man standing at bus stop with map

Meals & Groceries

One of the most vital components for living as a student is your meals. Living on a budget is never easy but knowing the cost of your staple groceries (such as milk, eggs, and bread) is a good start to gaining insight into what a month’s expenditure on food might be. Checking out our article on Sneaky Ways to Save Money as Student would provide you with some nifty tips to save up some extra cash too.

Also, having an idea of the kinds of meals you might make at home, and their ingredients, is a great way to understand how you might devise a plan for cooking and clubbing together for groceries with housemates. This of course depends on whether you’re living alone or with roommates or friends. 

Residences, however, offer meal plans on a Monday to Friday, and Monday to Sunday basis, so if you’ve decided on this option, you may only need pocket money for drinks and a 2-for-1 special on the weekend with friends. At UCT if you’re looking for 3 meals a day, 7 days a week, it’ll set you back R23 400, while if you plan on sorting out your own meals on the weekend, 3 meals a day for 5 days will cost you R17 700 a year, which works out to around R1,475 per month. There are also breakfast and dinner options, as well as lunch and dinner options which are in the region of R15000-R18000 on a seven days per week basis (for UCT).

Stellenbosch offers a straight 3 meals a day for 7 days a week and this plan will cost between R16 000 to R19 000 depending on your residence and meal provider, while Rhodes includes their meal plan costs into their accommodation fee.

But, if you’re living off-campus and need to cater for yourself, then it’s a good thing to keep some of these prices in mind:

  • Milk (1L): R13.82
  • Eggs (12): R27.66
  • Bread (white bread): R12.95
  • Chicken Breasts (1kg): R70+-
  • Rice 1kg: R20.25
  • Pasta(spaghetti 500g): R12
  • Cheese: R98.55 (local)
  • Lettuce (0.5kg): R14.33 
  • Beef: 1kg: R94 
  • Potatoes (1kg): R16.13

The average price of a meal at a restaurant in Cape Town, sits around the R120 mark and you can expect to pay around R25-R30 for your morning cup-of-jo, if it’s at your local coffee shop.

friends eating together around a table


Residences usually offer internet free of charge to students under the conditions that it is not used excessively or for heavy downloading. At present, there isn’t an explicitly stated “cap” for usage at some universities, but your use of bandwidth at UCT for example, will be monitored to see that you are sticking to their guidelines.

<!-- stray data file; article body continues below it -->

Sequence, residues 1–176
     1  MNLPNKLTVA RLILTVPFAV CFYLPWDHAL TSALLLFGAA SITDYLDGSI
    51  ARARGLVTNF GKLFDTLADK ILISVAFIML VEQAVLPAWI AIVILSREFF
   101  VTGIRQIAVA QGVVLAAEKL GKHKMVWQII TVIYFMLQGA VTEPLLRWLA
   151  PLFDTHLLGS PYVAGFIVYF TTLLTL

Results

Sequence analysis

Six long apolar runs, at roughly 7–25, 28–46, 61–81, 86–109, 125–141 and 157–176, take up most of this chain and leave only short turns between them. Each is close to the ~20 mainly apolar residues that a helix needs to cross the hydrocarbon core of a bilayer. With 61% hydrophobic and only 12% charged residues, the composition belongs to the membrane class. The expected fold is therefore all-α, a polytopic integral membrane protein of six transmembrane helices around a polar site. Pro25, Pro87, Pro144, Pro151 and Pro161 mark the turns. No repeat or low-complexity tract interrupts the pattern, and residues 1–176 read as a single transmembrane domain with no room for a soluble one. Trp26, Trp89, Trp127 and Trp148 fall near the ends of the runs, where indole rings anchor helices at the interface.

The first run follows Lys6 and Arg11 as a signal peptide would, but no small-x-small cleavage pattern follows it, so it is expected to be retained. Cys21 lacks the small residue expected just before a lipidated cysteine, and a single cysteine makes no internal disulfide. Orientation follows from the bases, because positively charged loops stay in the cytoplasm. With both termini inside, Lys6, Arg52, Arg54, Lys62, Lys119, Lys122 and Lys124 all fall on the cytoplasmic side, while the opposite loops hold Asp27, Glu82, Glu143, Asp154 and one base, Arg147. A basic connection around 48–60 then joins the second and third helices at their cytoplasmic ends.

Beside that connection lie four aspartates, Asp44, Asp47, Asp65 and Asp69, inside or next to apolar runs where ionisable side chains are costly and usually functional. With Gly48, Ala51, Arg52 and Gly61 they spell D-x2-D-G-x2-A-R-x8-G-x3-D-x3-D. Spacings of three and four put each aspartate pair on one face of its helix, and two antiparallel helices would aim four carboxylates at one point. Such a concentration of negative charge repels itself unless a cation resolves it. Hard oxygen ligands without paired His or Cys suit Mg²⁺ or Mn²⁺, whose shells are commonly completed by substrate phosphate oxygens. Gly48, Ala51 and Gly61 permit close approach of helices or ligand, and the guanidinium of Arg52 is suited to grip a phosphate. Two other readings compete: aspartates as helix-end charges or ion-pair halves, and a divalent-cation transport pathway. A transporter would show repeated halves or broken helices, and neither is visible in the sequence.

Student and private accommodation is usually far different. Student accommodation facilities generally offer a capped high speed WiFi package that is included within your monthly rent and can be upgraded to support your internet usage patterns. Nest, for example, provides students with 15 gigabytes (GB) of speedy WiFi per month which can be upgraded to uncapped with a yearly fee.

Private accommodation, may require you to foot the bill and install fibre into your student digs or flat at your own cost. Typically, installing fibre into a house or apartment can cost between R1 600 to R2 000. This could be a necessary expense, that when split amongst housemates may be more affordable, but if you’re planning to live alone this bill could be harsh on the wallet.

Similarly, your monthly premiums for fibre will usually range from R499 to R650 for a 10mb line package (10mbps download, 2/10mbps upload) whereas a line offering download speeds up to 20mbps may cost you between R750 to R800 per month from providers such as Vumatel, MWEB and Vox.

router on table


Your entertainment spend is probably one of the areas you’ll need to budget for most effectively, or things can get out of hand. You’ll be meeting plenty of new people and wanting to explore Cape Town to get up to a bunch of exciting activities.

Whether it’s watching a movie, going for dinner or drinks or a round of putt-putt on the beach-side, it’s important to know the damage your wallet/balance might be in for. Not to mention saving for weekend getaways such as music festivals, if that’s your thing.

Typically, a movie ticket costs around R85 per person and you can add  R80-R100 for a popcorn combo with some sweets if you’re feeling like a snack with your screening. 

Whereas if you’re looking for something to do outdoors that’s fun, low cost and a bit silly, putt-putt on the beach will only set you back R20. 

As for festivals, Cape Town has plenty to offer. From Rocking the Daisies to Up the Creek, loads of live bands and acts tour the city and the experiences you can have at these events are spectacular! But it does come at a price..